“One of the most blatant translations of an offering to a pagan deity persisted on the Isle of Lewis in the Outer Hebrides until the mid-seventeenth century. At Hallowe’en fishermen would go down to the shore, kneel at the edge of the waves and repeat the Christian Paternoster. One of them waded in up to his waist, poured out a bowl of ale and asked a mysterious being called Shoney (Johnny) for a good catch over the next year. Then they went to St Malvey’s chapel and sat in silence for a while before making merry in the fields for the rest of the night.”
– The Pagan Religions of the Ancient British Isles by Ronald Hutton
- Use 8tracks!
http://8tracks.com/ is a great site for compiling your own personal playlists. It’s super easy to put together and share materials from there!
- Use Youtube!
Compile playlists via youtube and share!
- Use spotify!
Spotify also enables you to make a playlist (note: as it’s not accessible for me, I can’t verify how easy this is to do).
What else can you do?
- Give your playlist a cool name!
- Give your playlist a cool cover!
- Check out tumblr’s 8tracks tag for inspiration!
Remember to @fywh-nanowrimo and add your soundtrack to the #NaNo Soundtrack tag!
Like the White House gate jumper, or someone doing the ice bucket challenge. It’s both fun and relevant.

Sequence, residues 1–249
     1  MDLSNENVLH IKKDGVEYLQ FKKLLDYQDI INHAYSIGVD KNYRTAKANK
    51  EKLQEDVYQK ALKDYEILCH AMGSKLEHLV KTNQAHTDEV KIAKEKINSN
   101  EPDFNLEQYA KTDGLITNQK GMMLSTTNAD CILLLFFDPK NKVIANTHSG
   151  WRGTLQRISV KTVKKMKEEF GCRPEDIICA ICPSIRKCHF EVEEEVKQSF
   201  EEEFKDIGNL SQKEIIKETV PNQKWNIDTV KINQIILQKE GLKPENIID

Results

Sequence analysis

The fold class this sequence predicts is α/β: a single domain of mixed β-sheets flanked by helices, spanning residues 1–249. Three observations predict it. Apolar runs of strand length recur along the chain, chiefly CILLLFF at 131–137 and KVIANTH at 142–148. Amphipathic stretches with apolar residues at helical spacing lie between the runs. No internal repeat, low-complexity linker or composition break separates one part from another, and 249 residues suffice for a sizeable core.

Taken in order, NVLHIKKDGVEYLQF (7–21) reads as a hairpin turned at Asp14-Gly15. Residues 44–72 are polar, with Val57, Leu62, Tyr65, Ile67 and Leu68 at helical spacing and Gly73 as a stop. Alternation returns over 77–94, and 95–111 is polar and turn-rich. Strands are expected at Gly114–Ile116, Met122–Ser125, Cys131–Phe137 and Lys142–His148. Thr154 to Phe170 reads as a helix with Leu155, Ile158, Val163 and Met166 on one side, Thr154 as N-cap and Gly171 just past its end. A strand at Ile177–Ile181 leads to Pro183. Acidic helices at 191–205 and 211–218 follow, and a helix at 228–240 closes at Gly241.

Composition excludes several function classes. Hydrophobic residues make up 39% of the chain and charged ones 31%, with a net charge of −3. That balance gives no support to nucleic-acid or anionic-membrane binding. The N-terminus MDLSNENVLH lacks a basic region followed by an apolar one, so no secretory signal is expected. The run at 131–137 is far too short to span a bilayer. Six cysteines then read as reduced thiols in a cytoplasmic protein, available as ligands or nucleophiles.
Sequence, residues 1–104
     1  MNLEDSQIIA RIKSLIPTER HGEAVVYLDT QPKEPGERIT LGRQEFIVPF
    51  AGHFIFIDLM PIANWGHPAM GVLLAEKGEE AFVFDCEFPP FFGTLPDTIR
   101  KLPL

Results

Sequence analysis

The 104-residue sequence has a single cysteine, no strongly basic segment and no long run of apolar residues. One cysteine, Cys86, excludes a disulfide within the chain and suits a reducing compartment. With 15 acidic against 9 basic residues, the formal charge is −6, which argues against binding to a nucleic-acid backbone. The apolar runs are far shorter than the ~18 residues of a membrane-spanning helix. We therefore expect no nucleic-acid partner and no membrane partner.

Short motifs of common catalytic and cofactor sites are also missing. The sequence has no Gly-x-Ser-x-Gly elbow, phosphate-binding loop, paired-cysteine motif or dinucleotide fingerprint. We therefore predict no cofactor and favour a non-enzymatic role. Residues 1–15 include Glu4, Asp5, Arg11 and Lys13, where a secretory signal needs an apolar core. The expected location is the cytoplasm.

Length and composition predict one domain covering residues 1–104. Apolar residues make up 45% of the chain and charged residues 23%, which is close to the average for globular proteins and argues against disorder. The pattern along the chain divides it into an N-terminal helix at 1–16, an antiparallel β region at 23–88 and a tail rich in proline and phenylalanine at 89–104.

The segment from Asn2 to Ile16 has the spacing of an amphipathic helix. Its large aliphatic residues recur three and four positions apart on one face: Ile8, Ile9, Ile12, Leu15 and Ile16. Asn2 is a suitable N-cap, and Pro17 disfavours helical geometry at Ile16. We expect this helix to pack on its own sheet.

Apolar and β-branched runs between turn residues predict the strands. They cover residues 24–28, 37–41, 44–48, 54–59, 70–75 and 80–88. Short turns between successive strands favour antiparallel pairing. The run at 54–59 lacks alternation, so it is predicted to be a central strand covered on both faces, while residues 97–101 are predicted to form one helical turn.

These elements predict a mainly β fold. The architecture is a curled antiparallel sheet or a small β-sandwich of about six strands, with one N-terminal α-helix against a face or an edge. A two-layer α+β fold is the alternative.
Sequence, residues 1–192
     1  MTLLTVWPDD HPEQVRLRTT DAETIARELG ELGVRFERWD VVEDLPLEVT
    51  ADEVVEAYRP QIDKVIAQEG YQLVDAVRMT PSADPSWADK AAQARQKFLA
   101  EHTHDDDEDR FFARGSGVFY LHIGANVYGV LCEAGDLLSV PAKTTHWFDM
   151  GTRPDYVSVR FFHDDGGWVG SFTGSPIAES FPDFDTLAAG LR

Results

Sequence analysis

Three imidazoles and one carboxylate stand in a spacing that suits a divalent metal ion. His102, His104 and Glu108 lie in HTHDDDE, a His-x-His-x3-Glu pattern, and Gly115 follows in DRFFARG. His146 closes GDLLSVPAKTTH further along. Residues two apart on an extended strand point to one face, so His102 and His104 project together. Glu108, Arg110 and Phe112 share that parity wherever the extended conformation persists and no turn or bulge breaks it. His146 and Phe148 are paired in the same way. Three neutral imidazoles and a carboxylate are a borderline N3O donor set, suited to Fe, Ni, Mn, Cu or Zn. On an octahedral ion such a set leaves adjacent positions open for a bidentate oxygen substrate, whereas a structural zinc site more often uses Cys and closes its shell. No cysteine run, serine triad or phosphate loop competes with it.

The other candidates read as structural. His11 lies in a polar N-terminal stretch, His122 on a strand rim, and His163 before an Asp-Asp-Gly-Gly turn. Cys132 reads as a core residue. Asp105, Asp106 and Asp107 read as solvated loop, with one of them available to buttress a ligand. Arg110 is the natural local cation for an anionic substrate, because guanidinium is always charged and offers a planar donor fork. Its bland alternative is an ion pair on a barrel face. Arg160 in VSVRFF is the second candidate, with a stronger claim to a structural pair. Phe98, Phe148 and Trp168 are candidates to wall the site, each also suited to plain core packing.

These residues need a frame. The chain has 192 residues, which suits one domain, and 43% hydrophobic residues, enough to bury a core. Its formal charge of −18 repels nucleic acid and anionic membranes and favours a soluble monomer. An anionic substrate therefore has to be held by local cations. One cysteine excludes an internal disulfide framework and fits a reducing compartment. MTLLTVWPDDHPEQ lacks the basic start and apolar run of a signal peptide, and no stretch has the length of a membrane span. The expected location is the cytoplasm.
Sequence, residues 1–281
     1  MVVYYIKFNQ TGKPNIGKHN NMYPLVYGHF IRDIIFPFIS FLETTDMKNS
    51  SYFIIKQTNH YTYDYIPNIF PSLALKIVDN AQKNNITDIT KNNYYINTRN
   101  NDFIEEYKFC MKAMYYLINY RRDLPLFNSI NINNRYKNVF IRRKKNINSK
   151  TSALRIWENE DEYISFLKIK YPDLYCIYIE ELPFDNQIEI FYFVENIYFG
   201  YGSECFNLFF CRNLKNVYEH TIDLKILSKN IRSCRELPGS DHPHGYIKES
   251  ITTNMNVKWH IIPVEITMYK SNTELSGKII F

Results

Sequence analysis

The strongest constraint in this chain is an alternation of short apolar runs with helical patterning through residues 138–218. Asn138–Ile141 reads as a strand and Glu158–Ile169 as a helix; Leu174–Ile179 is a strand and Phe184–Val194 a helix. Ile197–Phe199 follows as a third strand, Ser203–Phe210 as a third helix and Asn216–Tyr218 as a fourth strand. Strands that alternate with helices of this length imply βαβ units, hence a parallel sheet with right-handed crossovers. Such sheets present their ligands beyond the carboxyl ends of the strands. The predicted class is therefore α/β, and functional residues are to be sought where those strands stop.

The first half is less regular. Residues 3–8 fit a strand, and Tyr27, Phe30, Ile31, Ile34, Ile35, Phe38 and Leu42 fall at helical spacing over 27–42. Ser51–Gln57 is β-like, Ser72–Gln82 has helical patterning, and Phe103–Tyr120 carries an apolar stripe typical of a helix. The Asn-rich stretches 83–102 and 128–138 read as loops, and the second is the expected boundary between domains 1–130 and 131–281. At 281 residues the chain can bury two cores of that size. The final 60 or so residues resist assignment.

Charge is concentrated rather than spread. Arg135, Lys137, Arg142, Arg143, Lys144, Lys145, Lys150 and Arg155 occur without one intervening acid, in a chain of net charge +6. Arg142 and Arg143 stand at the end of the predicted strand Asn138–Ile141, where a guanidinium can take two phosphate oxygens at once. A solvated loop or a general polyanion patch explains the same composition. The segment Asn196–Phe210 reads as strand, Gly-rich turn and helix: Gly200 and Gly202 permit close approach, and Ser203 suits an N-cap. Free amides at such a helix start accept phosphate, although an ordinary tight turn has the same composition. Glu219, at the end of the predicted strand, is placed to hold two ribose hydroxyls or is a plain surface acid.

Just don’t do it. I know it might seem self-explanatory, but every Halloween someone thinks this will be a good idea. If you’re white and you want to go as Beyoncé, just find a suitable wig and don’t wear pants. Or, just go as Kesha. She’s scarier.
A mask might seem good at first, but you’ll end up smelling like hot rubber by the end of the night.
And don’t say it’s not a big deal because that’s all in the past and we’re over it now. There are some things handled so poorly in the past that they can’t be rehabilitated, like lead paint, or the first name Adolf.
Also, the risk just isn’t worth the reward. Think of the happiest you’ve ever been in a good Halloween costume, and then think of the saddest you’ve ever been when everyone called you racist. That’s like breaking your sobriety for an Amstel Light– It’s not worth it. Just drink a seltzer with a pretzel in it. Tastes the same.
Now you might be wondering, what if I’m black? Can I dress up as a white person?
I mean, probably?